Among all Hong Kong’s holidays, Chinese New Year is the most important for locals and the Chinese diaspora. Celebrating the beginning of a new year according to the lunar calendar, it takes place sometime between late January and mid-February, ushering in days-long festivities that centre around family and fortune.
The origins are unclear; one story says that people began offering animals to the gods at the beginning of spring, hoping for a prosperous year ahead. During Chinese New Year in Hong Kong, people enjoy special dishes believed to bring good fortune, fill their homes with fresh flowers and carry out other auspicious rituals.
Visits among relatives typically take place throughout the New Year period. One of the most famous traditions is lai see – red packets containing money, which married people are meant to give to younger, unmarried family, friends and acquaintances. It’s believed to bring good luck to the giver and the recipient.
Credit: Hong Kong Tourism Board
While the holiday lasts about 15 days from the first day of the lunar month, Chinese New Year in Hong Kong is chiefly celebrated during the first three days, which are public holidays. Here are some foods and activities to set yourself up for good luck in 2024, the Year of the Dragon.
A family-style southern Chinese dish that is heavily associated with the walled villages of the New Territories in Hong Kong, poon choi has become the go-to option for many families during Chinese New Year. Translating as ‘bowl feast’, it’s typically served inside a large metal basin containing a long list of ingredients, including seafood, meat and vegetables. Ping Shan Traditional Poon Choi in Yuen Long in the New Territories specialises in this delicacy.
No Chinese New Year meal is complete without fish, which symbolises surplus and fortune, and the majority of Cantonese restaurants – especially those with seafood tanks – will have steamed or braised fish on the menu. For a taste of casual, homestyle cooking, try Ho Choi Seafood Restaurant, a chain that’s popular with local families.
A Chinese New Year dish originating from Southeast Asia, lo hei – literally ‘toss high’ and also known as ‘prosperity toss’ – has gained popularity in Hong Kong in recent years. A raw fish salad, it consists of shredded vegetables and raw salmon. Diners toss it with their chopsticks, aiming as high as possible – an act that symbolises prosperity.
The Cantonese name for this delicacy, fat choy, is a homophone of the phrase ‘strike it rich’. A prized ingredient that’s become increasingly hard to come by, sea moss is primarily sold in dried seafood shops like those around Des Voeux Road West and Wing Lok Street in Sheung Wan. Families prepare it at home as part of a Chinese New Year meal.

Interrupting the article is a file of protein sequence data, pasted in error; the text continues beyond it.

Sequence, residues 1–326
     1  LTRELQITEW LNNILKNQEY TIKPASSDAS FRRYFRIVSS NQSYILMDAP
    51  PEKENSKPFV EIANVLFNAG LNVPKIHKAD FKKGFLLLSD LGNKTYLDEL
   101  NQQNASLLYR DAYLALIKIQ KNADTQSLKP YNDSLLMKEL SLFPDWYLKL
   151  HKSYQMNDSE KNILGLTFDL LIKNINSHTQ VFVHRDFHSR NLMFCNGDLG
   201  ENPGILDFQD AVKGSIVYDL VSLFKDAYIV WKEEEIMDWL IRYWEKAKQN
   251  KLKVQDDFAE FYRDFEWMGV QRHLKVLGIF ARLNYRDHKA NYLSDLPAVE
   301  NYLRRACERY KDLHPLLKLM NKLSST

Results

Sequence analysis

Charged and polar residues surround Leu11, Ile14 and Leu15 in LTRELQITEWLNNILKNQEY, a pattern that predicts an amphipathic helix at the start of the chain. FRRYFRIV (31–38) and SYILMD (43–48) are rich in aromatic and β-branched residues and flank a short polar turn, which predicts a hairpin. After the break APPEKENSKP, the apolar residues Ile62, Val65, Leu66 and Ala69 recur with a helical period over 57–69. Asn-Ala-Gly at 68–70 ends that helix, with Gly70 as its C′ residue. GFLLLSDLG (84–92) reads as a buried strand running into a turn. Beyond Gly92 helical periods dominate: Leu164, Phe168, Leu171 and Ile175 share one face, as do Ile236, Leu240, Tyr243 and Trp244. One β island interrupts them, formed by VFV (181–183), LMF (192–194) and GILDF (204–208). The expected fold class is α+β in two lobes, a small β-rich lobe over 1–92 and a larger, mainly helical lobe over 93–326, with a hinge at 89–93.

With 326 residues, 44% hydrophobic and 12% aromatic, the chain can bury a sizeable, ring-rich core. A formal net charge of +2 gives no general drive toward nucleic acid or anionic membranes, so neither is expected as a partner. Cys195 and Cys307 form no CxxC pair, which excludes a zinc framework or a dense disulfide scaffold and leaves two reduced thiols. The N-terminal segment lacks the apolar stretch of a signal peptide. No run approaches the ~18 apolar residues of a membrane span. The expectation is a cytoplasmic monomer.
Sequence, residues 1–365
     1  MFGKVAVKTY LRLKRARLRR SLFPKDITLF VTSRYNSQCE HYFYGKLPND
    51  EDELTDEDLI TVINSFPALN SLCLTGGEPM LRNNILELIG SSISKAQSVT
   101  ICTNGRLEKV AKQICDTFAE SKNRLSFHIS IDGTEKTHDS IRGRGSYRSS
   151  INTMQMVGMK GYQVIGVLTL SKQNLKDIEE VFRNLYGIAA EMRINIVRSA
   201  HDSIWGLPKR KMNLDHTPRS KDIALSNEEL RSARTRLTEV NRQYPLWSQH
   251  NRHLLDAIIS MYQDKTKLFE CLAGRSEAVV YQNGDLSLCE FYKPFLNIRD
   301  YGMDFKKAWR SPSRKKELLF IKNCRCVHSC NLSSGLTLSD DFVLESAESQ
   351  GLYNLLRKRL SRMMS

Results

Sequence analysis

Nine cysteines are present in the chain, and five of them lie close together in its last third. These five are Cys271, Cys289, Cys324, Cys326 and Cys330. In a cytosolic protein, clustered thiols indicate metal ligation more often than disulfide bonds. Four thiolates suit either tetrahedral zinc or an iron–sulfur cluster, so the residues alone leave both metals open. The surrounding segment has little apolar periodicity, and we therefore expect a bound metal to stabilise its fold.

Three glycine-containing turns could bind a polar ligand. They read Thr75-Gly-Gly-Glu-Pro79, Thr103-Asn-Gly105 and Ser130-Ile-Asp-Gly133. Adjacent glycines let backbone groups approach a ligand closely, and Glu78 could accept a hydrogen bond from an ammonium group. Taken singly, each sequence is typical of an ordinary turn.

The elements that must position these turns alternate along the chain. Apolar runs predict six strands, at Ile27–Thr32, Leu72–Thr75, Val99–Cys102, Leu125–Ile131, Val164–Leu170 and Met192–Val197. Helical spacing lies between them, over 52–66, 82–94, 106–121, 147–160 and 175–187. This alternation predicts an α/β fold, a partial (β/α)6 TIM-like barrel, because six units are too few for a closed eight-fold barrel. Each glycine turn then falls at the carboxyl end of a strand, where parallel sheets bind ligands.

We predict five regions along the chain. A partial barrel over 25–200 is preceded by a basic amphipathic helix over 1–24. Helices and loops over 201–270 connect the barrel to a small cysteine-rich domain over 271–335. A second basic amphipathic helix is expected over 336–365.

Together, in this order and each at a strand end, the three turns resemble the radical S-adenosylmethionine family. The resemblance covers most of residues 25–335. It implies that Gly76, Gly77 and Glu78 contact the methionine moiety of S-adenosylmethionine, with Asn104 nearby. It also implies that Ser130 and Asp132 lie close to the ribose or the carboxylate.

Symbolising ‘union’ and ‘togetherness’, these sticky, sweet treats are usually stuffed with sweet bean paste or sesame paste. One of Hong Kong’s most famous spots for them is, where Ningbo-style glutinous rice balls with sesame filling, served in ginger broth, are a signature. Expect to wait in line: Kai Kai has a Bib Gourmand recommendation in the Michelin guide.
Credit: Hong Kong Tourism Board
Come Chinese New Year, floral decorations appear at just about every corner in Hong Kong. Orchids, peach blossoms and pussy willows are among the blooms believed to bring luck and prosperity. Numerous flower markets normally spring up across the city – one of the largest and most popular is held atin Causeway Bay.
For many, the third day of Chinese New Year in Hong Kong normally calls for visiting a temple. At, an important site for Buddhists, Taoists and Confucianists, worshippers present their prayers in the kau cim tradition of shaking a cylinder full of fortune-telling sticks, something that visitors may find fascinating to witness. At in Sha Tin, locals wait their turn to spin the fan-bladed wheel of fortune.
Credit: Mike Pickles
Hongkongers often hit the hiking trails during public holidays and Chinese New Year is no exception. The weather is usually cool and crisp, and many trails require heading up a mountain – in other words, aiming high in the New Year. Take your pick among these easy and more challenging Hong Kong hikes.
Horse racing is a passion in Hong Kong, and crowds normally flock to Sha Tin for the annual Chinese New Year Race Day.
Write a wish on joss paper and tie it to one of these banyans, and your wish will come true – so goes the legend. That’s why, on a typical Lunar New Year’s day, thousands flock to the New Territories village ofand attach joss wishes to wooden racks.
This story was originally published in October 2019 and updated in January 2024.
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